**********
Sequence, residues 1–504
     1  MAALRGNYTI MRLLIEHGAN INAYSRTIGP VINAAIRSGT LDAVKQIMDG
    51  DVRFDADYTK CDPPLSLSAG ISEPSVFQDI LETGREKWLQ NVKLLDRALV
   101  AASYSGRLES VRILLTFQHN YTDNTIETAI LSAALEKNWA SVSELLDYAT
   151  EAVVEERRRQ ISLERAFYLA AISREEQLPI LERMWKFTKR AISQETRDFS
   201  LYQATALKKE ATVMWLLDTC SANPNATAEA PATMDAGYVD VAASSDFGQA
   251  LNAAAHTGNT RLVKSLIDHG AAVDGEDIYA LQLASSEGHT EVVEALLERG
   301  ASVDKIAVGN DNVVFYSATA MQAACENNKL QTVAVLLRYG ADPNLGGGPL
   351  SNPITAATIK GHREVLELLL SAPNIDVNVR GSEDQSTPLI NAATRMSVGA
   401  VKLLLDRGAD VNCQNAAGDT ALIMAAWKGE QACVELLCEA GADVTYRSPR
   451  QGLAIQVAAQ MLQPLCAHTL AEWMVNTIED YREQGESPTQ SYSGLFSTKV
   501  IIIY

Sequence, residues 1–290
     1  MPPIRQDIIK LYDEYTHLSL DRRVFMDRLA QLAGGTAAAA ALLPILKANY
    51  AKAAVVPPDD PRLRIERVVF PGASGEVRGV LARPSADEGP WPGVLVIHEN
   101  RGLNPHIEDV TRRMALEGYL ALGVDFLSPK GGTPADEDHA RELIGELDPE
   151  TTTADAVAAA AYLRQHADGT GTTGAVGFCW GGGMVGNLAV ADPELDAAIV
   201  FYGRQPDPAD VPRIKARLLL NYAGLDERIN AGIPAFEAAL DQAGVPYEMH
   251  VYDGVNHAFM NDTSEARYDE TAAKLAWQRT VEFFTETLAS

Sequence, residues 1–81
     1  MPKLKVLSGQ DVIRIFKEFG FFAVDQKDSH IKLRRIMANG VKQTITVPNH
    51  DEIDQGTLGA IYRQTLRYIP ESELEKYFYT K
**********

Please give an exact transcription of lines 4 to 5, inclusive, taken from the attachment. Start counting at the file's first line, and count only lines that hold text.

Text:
   101  AASYSGRLES VRILLTFQHN YTDNTIETAI LSAALEKNWA SVSELLDYAT
   151  EAVVEERRRQ ISLERAFYLA AISREEQLPI LERMWKFTKR AISQETRDFS